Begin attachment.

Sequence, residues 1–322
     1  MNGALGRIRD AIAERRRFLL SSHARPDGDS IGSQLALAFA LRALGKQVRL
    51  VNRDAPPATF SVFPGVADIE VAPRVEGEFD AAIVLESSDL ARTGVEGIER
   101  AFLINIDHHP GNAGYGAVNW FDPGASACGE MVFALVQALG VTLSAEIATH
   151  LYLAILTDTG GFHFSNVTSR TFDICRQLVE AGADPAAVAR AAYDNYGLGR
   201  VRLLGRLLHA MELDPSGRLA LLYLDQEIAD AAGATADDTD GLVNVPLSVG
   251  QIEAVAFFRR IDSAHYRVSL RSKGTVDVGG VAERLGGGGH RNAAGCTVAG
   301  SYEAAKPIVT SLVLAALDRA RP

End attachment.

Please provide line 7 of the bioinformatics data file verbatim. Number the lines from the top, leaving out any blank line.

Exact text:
   251  QIEAVAFFRR IDSAHYRVSL RSKGTVDVGG VAERLGGGGH RNAAGCTVAG